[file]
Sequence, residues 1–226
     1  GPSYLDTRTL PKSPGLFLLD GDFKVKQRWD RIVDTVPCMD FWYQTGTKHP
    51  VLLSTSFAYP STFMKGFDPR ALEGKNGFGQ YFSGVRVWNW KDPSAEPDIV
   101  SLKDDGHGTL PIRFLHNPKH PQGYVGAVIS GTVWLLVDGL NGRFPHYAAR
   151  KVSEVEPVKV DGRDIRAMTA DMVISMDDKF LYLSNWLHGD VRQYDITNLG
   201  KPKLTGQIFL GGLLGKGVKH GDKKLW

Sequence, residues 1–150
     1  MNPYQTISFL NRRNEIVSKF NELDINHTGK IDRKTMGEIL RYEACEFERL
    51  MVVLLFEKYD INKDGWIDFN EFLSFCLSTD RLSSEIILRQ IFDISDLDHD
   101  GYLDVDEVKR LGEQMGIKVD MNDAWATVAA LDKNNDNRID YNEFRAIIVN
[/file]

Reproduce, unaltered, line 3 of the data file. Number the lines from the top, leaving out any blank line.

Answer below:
    51  VLLSTSFAYP STFMKGFDPR ALEGKNGFGQ YFSGVRVWNW KDPSAEPDIV